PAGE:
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St. Maarten Medical Center
Anaesthesia stops you feeling pain and other sensations. It can be given in various ways and does not always make you unconscious.
General anaesthesia gives a state of controlled unconsciousness. It affects the brain as well as the entire body. General anaesthesia is administered through a vein (intravenously, or IV), or you may breathe it in. It is essential for some operations. You are unconscious and feel nothing during surgery.
Anaesthetists are doctors with specialist training who:
Your anaesthetist will meet you before your operation. They will discuss the anaesthetic you could have, including benefits, risks and your preferences. They will then:
If there is a choice of anaesthetic, this will depend on:
Pre-medication is given before some anaesthetics. Premeds prepare your body for surgery – they may start off the pain relief, reduce acid in the stomach or help you relax. Some pre-meds make you more drowsy after the operation. If you think a pre-med would help you, please ask your anaesthetist.
A needle is used to start most anaesthetics in adults. If you are very worried about this, please talk to your anaesthetist.
Nothing will happen to you until you understand and agree with what has been planned. You have the right to refuse if you do not want the treatment suggested or if you want more information or more time to decide.
By providing this information, the clinical team can compile an accurate record of your current medication. Any medicine that you are taking that was bought from a pharmacy, supermarket or via the internet including: Over-the-counter medication, Homeopathic medicines, Herbal preparations and/or Indigestion Remedies.
Be sure to tell the anesthesiologist and the nurse about your medical problems including allergies as well as your medical history such as Asthma.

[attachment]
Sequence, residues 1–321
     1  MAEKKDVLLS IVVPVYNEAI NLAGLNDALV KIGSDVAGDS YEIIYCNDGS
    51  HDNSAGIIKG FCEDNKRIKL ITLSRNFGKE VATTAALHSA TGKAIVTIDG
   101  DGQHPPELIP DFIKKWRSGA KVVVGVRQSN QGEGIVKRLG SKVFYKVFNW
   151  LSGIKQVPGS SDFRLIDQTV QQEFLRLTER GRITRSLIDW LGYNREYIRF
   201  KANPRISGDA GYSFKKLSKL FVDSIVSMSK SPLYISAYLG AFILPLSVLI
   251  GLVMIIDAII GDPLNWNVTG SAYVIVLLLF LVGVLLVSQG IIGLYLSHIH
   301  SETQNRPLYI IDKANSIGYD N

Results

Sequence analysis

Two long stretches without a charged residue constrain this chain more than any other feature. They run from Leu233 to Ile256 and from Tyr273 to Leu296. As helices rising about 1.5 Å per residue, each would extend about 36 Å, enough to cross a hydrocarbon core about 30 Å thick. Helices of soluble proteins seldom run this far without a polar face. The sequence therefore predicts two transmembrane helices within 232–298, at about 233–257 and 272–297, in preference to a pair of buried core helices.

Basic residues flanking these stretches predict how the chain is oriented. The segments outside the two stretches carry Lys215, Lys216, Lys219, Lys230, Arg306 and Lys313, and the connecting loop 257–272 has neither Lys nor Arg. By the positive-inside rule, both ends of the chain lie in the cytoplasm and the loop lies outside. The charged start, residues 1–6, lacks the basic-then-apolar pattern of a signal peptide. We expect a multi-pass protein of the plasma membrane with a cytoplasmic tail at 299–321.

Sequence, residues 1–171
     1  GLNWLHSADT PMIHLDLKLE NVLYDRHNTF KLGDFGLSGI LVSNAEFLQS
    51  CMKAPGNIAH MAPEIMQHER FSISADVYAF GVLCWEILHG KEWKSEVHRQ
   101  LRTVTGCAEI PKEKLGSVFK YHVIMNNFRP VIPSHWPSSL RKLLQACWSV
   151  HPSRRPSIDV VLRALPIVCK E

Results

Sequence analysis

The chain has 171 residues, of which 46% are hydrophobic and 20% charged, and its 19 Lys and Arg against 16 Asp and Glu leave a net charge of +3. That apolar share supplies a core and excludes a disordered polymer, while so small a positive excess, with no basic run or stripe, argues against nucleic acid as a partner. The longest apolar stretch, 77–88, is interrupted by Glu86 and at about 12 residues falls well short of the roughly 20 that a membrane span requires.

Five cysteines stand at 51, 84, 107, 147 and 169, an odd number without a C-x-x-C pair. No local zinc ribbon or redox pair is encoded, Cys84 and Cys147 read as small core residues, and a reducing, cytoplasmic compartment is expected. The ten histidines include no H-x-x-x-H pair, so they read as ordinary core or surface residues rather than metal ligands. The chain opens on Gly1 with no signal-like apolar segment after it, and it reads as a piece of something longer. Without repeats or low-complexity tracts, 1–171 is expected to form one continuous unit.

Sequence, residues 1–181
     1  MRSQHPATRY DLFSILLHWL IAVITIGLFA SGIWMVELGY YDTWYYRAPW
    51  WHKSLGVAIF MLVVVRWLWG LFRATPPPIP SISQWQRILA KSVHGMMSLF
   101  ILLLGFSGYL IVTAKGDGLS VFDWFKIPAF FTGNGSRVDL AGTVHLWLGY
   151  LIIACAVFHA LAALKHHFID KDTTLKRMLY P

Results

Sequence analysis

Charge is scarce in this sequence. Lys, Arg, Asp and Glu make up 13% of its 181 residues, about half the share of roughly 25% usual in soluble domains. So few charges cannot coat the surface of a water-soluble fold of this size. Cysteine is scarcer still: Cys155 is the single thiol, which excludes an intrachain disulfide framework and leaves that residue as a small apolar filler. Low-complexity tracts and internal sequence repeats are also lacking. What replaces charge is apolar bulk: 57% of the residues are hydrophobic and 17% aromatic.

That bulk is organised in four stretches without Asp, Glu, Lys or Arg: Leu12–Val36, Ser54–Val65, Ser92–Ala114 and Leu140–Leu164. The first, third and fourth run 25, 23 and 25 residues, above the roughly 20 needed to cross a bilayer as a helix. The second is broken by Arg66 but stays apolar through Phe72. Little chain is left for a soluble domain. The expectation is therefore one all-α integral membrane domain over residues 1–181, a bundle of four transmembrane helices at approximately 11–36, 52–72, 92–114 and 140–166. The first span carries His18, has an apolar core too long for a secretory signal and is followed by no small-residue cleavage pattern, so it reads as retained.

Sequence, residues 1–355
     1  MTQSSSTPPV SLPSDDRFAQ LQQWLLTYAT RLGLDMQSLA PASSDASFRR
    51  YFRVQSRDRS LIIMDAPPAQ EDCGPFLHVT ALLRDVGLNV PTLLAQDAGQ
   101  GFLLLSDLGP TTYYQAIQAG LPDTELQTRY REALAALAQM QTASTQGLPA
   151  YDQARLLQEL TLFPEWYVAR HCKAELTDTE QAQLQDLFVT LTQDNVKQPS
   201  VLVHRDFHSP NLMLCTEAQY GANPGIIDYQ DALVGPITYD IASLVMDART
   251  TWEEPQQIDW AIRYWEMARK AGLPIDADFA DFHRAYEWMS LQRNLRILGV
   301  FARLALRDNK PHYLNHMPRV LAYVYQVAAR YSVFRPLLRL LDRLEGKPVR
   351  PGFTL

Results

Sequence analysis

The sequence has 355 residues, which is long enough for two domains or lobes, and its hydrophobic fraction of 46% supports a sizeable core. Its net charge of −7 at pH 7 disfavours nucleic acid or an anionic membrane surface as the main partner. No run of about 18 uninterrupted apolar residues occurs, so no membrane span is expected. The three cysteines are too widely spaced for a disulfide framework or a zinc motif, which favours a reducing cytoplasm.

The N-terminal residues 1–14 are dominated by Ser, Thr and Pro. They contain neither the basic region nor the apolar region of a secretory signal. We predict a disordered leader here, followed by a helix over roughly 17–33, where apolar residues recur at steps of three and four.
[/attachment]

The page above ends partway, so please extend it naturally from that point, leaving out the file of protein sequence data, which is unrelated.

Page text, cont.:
The anesthesiologist may advise you to stop taking certain medications if you are having surgery. It will still be useful for you to bring your medication on your day of surgery, even if it has been decided to stop using your medication before coming into surgery.
Diabetic and hypertension patients will receive special instructions for management of blood sugar and medications. Asthma patients should bring along their Ventoline or Combivent puff.
You will be given clear instructions about eating and drinking. These instructions are important. If there is
food or liquid in your stomach during your anaesthetic, it could come up into your throat and damage your
A member of staff will go with you to the theatre. You can wear your glasses, hearing aids and dentures until you are in the anaesthetic room. You may be able to keep them on if you are having a local or regional anaesthetic.
Jewelry and/or any decorative piercing should ideally be removed. If you cannot remove it, the nurses will cover it with tape to prevent damage to it or to your skin.
You may walk to theatre, accompanied by a member of staff, or you may go in a wheelchair or on a bed or trolley. If you are walking, you can wear your own dressing gown and slippers.
Final checks will be done as you arrive in the operating department, before the anaesthetic starts. You will be asked to confirm your name, the operation you are having, whether left or right side (if applicable), when you last ate or drank and your allergies. These routine checks are normal in all hospitals.
Your anaesthetic may start in the anaesthetic room or in the operating theatre. Your anaesthetist will be working with a trained assistant. The anaesthetist or the assistant will attach machines that measure your heart rate, blood pressure and oxygen levels.
Almost all anesthetics, start with a needle being used to put a cannula (thin plastic tube) into a vein in the back of your hand or arm. If needles worry you, please tell your anaesthetist. A needle cannot usually be avoided, but there are things he/she can do to help.
There are two ways of starting a general anaesthetic:
Once you are unconscious, an anaesthetist stays with you at all times and continues to give you drugs to keep you anaesthetized.
The Recovery room: After the operation, you will usually be taken to the recovery room. Recovery staff will make sure you are as comfortable and free of nausea as possible. When they are satisfied that you have recovered safely from your anaesthetic you will be taken back to the ward.
Good pain relief is important and some people need more pain relief than others. It is much easier to
relieve pain if it is dealt with before it gets bad. Pain relief can be increased, given more often, or
given in different combinations.
Occasionally, pain is a warning sign that all is not well; therefore, you should always report it to your
nurses and seek their advice and help. Here are some ways of giving pain relief:
The are some possible side effects and complications associated with having an anaesthetic or an anaesthetic
Very common and common side effects
Uncommon side effects and complications
Rare or very rare complications
Death caused by anaesthesia are very rare.